DN: What kind of pipe is your favorite to make? 
MA: They're all fun. But if I had to specify, at this point it's probably a squat 1/8 bent tomato.

DN: If you could pick one pipe maker to hang out with for a day and learn from, who would it be and why?
MA: Maybe Maigurs Knets. He seems to be able to venture far outside of the box in ways that make intuitive sense compositionally. That's a hard balance to achieve.

DN: What is the coolest pipe in your collection? How did you come by it?
MA: My collection at any point in time is quite small. The bulk of my available resources goes into pipemaking supplies so I can only afford to hold onto a high grade pipe long enough to study it for inspiration and guidance. That said, I have a couple of pipes by Abe Herbaugh that will never leave my possession, including a ten knuckle bamboo freehand.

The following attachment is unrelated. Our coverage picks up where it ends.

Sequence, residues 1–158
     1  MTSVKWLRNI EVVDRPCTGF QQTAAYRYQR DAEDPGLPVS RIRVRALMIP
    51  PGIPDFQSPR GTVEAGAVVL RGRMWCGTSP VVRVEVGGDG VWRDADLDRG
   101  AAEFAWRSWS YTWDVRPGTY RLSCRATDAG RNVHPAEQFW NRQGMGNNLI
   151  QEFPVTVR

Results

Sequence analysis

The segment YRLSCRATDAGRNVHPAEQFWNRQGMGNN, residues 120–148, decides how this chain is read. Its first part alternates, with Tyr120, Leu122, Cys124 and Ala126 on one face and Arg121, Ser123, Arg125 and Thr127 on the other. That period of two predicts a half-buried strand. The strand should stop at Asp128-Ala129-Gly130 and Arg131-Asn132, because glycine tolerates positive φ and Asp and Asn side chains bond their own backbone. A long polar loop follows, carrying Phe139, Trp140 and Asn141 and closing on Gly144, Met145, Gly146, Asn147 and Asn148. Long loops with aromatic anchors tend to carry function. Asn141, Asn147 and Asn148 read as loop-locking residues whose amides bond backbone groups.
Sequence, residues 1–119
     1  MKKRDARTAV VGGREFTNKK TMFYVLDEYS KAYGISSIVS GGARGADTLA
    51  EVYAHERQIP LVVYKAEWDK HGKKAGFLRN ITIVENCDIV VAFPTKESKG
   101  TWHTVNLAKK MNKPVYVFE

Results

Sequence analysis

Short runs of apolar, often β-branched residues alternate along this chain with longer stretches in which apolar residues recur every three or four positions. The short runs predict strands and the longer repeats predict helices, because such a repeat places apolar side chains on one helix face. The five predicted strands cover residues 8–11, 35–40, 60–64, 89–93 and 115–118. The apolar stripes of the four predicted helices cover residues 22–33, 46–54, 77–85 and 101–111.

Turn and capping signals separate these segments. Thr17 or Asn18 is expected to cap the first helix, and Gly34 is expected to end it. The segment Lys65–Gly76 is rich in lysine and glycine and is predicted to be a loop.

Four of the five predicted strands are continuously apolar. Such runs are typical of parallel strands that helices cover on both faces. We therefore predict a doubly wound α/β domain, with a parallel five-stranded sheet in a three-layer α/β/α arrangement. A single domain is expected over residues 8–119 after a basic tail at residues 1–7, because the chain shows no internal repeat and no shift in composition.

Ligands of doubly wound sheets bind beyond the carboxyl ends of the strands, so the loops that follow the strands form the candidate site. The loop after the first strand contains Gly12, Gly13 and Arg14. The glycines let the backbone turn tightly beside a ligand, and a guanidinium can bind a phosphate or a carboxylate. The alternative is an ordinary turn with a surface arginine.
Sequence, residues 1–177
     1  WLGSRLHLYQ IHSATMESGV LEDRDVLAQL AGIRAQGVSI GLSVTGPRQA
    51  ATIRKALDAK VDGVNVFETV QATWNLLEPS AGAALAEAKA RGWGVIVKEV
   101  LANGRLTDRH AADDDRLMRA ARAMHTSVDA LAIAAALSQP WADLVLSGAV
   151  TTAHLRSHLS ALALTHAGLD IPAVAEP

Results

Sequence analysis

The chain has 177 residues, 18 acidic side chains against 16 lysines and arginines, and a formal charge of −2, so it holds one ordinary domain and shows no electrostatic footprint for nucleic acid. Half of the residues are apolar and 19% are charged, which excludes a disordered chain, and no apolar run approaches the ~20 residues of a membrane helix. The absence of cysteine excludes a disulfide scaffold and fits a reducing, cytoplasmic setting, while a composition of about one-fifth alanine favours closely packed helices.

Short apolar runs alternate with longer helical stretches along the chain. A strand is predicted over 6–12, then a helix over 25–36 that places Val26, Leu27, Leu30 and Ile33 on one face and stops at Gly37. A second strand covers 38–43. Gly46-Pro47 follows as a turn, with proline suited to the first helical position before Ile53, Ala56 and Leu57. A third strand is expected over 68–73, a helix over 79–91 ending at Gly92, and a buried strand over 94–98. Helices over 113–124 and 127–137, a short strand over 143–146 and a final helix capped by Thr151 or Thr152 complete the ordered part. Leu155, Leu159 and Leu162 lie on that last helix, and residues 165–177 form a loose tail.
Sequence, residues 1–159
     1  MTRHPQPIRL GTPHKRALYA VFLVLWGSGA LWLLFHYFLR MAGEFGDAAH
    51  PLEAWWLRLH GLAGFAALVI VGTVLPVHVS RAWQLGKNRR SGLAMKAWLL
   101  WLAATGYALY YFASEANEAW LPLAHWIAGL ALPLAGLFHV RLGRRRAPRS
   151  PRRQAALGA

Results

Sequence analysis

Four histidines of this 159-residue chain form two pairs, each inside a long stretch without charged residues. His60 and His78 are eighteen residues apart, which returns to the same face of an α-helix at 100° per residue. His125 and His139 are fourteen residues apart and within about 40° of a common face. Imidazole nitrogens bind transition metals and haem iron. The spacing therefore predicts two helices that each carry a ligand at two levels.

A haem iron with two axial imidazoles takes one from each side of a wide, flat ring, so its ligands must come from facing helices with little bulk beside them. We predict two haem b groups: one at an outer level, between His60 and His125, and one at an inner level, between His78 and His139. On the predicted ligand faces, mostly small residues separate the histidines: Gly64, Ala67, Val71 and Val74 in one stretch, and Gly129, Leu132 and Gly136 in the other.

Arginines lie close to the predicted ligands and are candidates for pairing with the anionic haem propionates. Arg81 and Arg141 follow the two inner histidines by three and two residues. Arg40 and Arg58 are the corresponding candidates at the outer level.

DN: Tell me one thing that most people wouldn't know about you.
MA: I'm a published author, having written several books and scientific articles in my non-pipemaking life.

DN: What is the coolest material you have used in making pipes?
MA: I was gifted a sperm whale tooth from a client whose grandfather was a whaler in New Bedford, MA. Because I did not purchase it, and will not sell the pipe, it's perfectly legal. The material is quite beautiful.

DN: Where do you find value in pipe making?
MA: Everywhere. It gets me out of my head on a regular basis, which can be a frustrating place at times! The combined visual and tactile elements of pipes are also appealing. I have the sense that I develop a relationship with each pipe from the initial sketching on a block, right through to packing it up for shipping. I enjoy watching each pipe evolve.